Stanton to get stitches out Monday
MIAMI — The stitches in Giancarlo Stanton’s right knee are scheduled to be removed on Monday.
It’s another step in the slugger’s road to recovery from arthroscopic surgery that was performed on July 8.
The timeline for Stanton to return remains four to six weeks, that hasn’t changed. But time is becoming crucial for a Marlins’ team struggling to score runs.
With the club sinking in the standings, they hope their playoff hopes remain intact by the time Stanton returns sometime in August.
What the first three games of the series with the Nationals have shown is Stanton is greatly missed.
Miami has scored three runs total, and remarkably won one of them, thanks to Mark Buehrle’s brilliant pitching performance on Saturday.
But on Sunday, the Marlins were 1 for 13 with runners in scoring position, and they were shut out for the ninth time this year.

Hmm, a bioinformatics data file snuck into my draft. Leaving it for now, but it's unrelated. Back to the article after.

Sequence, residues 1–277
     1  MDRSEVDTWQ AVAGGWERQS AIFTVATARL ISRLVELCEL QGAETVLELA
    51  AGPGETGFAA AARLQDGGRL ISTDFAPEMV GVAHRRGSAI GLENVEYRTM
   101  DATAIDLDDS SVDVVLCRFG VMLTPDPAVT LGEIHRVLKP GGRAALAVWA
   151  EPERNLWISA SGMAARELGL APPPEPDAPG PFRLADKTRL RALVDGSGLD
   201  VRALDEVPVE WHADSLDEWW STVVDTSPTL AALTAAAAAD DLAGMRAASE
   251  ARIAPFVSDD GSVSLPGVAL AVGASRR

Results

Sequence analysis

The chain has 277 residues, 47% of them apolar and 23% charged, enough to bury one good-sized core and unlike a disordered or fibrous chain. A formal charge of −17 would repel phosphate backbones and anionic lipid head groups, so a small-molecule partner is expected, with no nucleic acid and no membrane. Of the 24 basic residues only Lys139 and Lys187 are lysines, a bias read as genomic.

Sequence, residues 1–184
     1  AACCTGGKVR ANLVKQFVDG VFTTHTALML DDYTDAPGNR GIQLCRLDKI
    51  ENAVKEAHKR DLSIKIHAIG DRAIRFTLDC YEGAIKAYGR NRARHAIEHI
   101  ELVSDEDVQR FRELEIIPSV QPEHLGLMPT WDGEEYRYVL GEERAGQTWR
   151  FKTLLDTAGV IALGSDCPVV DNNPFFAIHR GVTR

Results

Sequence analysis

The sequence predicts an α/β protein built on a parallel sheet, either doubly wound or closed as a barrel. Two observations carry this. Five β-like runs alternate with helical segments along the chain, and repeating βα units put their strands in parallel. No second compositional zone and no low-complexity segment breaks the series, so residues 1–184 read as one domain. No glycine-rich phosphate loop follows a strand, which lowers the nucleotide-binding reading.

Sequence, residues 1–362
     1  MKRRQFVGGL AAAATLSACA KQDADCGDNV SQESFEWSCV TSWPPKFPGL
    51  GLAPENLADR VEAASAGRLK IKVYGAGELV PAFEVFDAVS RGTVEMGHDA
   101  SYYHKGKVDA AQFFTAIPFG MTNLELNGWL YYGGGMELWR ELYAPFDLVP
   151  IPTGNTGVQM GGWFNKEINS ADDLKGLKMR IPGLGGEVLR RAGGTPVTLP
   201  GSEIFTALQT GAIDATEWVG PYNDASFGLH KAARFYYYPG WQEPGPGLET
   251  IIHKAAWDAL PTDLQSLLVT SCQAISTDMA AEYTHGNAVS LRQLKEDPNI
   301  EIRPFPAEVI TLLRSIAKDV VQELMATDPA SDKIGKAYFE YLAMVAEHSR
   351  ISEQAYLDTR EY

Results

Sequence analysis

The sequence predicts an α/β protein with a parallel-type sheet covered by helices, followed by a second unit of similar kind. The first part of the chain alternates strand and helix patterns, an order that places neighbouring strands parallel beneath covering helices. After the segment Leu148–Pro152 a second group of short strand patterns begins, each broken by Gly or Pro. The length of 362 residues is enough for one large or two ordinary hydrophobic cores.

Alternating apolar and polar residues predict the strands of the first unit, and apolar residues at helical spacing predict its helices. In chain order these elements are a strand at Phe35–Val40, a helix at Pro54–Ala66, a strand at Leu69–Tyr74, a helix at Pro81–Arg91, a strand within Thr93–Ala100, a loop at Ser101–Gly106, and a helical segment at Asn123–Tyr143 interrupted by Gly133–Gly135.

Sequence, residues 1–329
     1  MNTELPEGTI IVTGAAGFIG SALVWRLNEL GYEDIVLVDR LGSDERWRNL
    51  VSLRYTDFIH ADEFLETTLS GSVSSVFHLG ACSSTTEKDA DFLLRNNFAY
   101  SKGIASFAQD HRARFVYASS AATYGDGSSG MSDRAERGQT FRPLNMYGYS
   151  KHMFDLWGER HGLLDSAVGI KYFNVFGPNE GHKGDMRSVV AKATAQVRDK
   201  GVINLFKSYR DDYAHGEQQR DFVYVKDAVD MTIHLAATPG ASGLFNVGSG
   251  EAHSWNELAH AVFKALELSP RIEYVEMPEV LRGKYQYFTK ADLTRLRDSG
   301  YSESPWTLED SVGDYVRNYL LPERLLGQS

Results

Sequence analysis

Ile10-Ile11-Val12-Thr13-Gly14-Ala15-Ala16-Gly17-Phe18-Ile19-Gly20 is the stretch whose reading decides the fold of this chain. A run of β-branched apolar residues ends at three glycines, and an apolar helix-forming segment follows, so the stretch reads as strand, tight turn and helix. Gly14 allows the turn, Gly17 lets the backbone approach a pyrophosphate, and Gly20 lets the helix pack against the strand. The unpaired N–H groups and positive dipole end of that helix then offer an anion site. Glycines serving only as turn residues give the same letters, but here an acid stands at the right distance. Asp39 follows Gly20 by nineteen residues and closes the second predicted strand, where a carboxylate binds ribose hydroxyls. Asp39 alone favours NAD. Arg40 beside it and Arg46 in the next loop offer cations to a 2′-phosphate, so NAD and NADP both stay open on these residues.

With Stanton out, the Marlins are looking for others to step up.
Many eyes are turning to Hanley Ramirez.
But the former three-time All-Star, like many on the team, is having his own difficulties.
For the season, Ramirez is batting .246 with 12 home runs and 44 RBIs in 87 games.
A year ago, when Ramirez missed substantial time with a left shoulder injury, he finished at .243 average with 10 home runs and 45 RBIs in 92 games.
Ramirez is pretty closely mirroring those numbers in a season he has been healthy. Entering Monday, he had 334 at-bats, compared to his 338 total in 2011.
In July, Ramirez is 5-for-37 (.135) with one homer and three RBIs.
Ideally, manager Ozzie Guillen would like for Ramirez to hit third, but he noted the third baseman has to earn that place in the lineup. Thus far, he has struggled when not slotted in that prime position.
In 19 games hitting second, he was hitting at a .211 clip in 76 at-bats. Since the All-Star Break, he’s been moved to the fifth spot. The results have been spotty, 2-for-11 (.182).
When he was batting third at the beginning of the season, Ramirez hit .259 with 11 homers and 38 RBIs.
With the July 31 non-waiver trade deadline approaching, the Marlins are scrambling to get back to .500, and into contention.
If they can do that, getting Stanton back will become more imperative. But if the team falls completely out of the race, the club may feel there is no need to rush their most feared hitter.
— Joe Frisaro